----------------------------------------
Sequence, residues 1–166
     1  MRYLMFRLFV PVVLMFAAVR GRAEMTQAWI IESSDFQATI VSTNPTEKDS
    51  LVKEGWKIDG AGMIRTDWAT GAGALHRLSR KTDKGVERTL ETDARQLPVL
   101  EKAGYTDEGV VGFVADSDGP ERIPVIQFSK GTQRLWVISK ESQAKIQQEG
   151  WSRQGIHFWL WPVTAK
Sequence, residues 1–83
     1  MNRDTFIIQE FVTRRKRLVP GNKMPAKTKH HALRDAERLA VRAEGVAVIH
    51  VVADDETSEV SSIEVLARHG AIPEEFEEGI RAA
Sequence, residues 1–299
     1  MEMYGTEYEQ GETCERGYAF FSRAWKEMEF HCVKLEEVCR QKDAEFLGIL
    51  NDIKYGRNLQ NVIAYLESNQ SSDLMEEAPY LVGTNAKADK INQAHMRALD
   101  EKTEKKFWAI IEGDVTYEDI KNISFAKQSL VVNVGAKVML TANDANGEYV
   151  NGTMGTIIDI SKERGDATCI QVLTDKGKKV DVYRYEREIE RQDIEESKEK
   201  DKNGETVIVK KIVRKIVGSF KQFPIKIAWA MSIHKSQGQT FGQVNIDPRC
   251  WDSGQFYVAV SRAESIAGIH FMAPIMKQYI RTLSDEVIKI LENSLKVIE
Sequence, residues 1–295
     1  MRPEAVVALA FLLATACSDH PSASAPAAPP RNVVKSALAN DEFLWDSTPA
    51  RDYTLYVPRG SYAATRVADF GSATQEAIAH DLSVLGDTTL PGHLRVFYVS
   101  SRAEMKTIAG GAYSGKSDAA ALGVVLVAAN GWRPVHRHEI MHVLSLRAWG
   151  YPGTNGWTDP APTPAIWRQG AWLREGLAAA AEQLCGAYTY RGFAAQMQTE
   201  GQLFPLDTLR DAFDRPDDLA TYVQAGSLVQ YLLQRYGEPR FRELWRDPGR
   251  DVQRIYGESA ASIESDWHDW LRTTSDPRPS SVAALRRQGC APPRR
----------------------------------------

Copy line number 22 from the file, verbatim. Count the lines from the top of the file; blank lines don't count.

   251  DVQRIYGESA ASIESDWHDW LRTTSDPRPS SVAALRRQGC APPRR